Nicole Magne is a Winnipeg-based videographer and multi-disciplinary visual artist. For over a decade, she has specialized in producing educational video content. This is Nicole's first documentary film.
Nicole has been employed as a Multimedia Developer for the Manitoba First Nations Education Resource Centre since 2004, producing educational content for specialists within the organization, and creating promotional videos and other material for communities throughout the province.
Nicole studied video and media development, earning a diploma in Digital Multimedia Technology from Red River College in 2004. She graduated from the University of Manitoba in 2006 with a Bachelor of Fine Arts majoring in Video.
In addition to her video work, Nicole's passion for creating art includes costume design, jewelry design, and contemporary embroidery.
David Alexander Robertson, of Irish, Scottish, English, and Cree heritage, is a graphic novelist and writer who has been recognized for his work in the field of indigenous education and won the John Hirsch Award for Most Promising Manitoba Writer in 2015.
David has created several bestselling graphic novels and was a contributor to the anthologies Manitowapow: Aboriginal Writings From the Land of Water, Moonshot: The Indigenous Comics Collection, and Love Beyond Body, Space and Time. His work has been featured in CV2 and Prairie Fire. His first novel, The Evolution of Alice, was published in fall 2014.
David is currently the Publishing & Communications Administrator at the Manitoba First Nations Education Resource Centre, where he has published numerous Indigenous titles, and has most recently co-directed the film, Our Tomorrows, Today: Wahbung 1971.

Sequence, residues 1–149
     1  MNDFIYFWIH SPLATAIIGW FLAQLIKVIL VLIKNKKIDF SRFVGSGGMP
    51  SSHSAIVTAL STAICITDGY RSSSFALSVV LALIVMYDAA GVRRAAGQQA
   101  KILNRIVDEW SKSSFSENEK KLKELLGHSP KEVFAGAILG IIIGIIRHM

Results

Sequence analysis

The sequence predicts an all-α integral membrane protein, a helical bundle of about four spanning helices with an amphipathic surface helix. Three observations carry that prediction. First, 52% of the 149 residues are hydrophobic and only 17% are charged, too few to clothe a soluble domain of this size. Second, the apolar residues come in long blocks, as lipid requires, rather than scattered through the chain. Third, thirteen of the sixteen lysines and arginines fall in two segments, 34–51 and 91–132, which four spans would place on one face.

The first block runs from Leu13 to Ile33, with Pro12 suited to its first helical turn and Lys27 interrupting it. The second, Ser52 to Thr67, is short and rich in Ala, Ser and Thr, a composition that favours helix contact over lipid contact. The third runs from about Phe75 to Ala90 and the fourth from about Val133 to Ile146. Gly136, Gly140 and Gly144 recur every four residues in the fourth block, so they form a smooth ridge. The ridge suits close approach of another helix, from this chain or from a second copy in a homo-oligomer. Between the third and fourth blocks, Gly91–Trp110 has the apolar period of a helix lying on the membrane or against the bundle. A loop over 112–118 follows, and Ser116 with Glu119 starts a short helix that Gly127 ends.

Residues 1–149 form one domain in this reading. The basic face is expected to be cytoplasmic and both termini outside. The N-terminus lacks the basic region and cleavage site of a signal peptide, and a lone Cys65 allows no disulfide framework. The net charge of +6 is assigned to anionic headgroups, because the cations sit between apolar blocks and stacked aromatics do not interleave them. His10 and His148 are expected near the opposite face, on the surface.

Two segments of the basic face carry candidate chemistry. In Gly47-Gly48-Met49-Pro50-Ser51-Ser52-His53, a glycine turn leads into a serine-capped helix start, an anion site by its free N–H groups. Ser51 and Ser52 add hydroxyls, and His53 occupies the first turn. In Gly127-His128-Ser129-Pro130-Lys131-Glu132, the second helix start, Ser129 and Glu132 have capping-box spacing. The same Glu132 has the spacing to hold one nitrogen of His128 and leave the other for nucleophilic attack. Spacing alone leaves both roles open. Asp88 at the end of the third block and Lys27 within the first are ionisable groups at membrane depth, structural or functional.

Rachel Beaulieu is a Ojibway woman from Sandy Bay First Nation. Rachel earned her Media Production Diploma in 2010. Since then she has been immersed in all aspects of the media field. Be it, creating websites, online marketing, music production and management, editing broadcast television shows, pre-production film development and on-set experience.
Rachel has been passionate about the industry since childhood, creating plays with neighbourhood children and doing photo shoots in her bedroom with siblings. She almost pursued a career in health but knew her passion was the arts.
Rachel’s specialty is video editing, She has done editing for various award winning shows and documentaries across Canada. Her latest television show edit Catch the Dream Bio’s with Adam Beach recently aired on CBC.
Manitoba First Nations Education Resource Centre
The Manitoba First Nations Education Resource Centre Inc. (MFNERC) provides the province’s leading education, administration, technology, language and culture services to First Nations schools in Manitoba
First Nations were compelled to take back control of education in the historic Wahbung paper of 1971 – Wahbung: Our Tomorrows – by the Manitoba Indian Brotherhood (now Assembly of Manitoba Chiefs) and Indian Control of Indian Education position paper in 1972 by the National Indian Brotherhood (Now Assembly of First Nations)..
Therefore, at that time and beyond, First Nations began the process of administering their own schools; however, chronic underfunding and lack of supports eventually required the creation of an organization that could help meet the needs of those schools.
In 1998 the Assembly of Manitoba Chiefs gave a mandate and established MFNERC to provide administrative, technical, language and educational supports to First Nations Schools in Manitoba.